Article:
If an employee does get to do work on behalf of the company while on-call, it’s clear that his or her employer, in order to comply with the Affordable Care Act, must credit those hours and track that time toward their eligibility for health insurance.
The challenge comes in when an employer has to credit hours even when there is no special circumstance that requires the employee to do any work while on-call.
The rule is that if being on-call substantially restricts an employee’s ability to use their time for their own purposes, an employer may have to credit them with hours of service even though they may not be called up during the time they are on-call.
To see how this restriction can apply, let’s look at two scenarios of employees who agree to be on-call during the weekend.
In the first scenario, the employee is a software technician who has a laptop and communications access.
- If called up to perform technical support services during the off hours, this employee is required to log into the customer’s site and provide those services.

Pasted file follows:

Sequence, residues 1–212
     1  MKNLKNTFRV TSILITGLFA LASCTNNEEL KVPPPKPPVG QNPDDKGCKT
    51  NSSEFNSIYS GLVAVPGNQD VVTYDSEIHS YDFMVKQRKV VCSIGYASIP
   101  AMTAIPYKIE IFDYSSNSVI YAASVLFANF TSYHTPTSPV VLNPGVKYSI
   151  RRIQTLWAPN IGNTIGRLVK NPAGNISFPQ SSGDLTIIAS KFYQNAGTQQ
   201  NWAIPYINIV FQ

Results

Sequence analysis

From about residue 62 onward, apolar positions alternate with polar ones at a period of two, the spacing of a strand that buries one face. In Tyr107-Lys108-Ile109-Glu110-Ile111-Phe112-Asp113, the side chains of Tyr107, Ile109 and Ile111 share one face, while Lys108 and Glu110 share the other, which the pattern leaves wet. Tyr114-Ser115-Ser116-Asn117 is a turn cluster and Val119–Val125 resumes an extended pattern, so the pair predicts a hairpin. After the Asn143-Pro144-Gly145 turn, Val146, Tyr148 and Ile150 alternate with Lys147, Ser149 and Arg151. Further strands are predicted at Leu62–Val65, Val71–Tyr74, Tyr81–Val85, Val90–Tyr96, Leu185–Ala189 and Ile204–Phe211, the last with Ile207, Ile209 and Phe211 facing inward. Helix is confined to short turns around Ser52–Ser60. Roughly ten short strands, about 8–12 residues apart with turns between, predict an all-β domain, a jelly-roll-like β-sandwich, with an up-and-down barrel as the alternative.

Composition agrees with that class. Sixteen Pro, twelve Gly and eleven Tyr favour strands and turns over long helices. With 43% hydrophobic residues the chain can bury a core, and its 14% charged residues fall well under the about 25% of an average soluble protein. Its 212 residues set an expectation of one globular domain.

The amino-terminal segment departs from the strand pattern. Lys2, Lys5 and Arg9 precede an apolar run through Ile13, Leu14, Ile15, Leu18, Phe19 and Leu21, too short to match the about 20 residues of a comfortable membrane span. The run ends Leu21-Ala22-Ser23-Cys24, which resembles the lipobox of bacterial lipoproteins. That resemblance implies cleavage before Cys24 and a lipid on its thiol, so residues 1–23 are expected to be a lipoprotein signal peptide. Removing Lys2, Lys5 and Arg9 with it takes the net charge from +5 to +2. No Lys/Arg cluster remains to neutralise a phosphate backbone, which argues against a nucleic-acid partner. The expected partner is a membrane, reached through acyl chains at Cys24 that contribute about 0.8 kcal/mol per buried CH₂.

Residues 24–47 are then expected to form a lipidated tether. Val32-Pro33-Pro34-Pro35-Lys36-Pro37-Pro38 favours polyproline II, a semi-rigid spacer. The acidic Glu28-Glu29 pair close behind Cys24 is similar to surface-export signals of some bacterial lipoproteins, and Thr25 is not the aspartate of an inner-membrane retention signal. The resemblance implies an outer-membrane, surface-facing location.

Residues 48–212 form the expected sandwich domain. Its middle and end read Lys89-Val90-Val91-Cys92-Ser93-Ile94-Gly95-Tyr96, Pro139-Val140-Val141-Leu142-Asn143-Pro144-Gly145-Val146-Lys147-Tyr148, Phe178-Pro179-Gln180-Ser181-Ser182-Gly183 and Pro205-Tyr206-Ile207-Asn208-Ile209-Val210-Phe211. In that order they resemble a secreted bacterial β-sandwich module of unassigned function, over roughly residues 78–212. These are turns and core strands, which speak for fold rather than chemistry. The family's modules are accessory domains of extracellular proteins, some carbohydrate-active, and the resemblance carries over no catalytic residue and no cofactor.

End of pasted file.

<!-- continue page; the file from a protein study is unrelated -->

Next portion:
- During the weekend, this employee is not called upon.
- They had no restrictions on their movements and ability to use their time as they wanted.
- No hours of service need to be credited to them.
In the second scenario, the employee is an electrician who is on-call during the weekend should they be needed by a production facility.
- A provision for their on-call pay is that, if a problem arises, they must arrive at the plant within 1 hour.
- The employee’s ability to use their time for their own purposes is therefore restricted: They cannot travel outside a specific radius.
- The employer must use a reasonable method of compensating them with hours of service even though they did not actual work any hours. (Guidelines suggest using an 8-hour day or the average number of hours the employee is credited with during usual business hours.)
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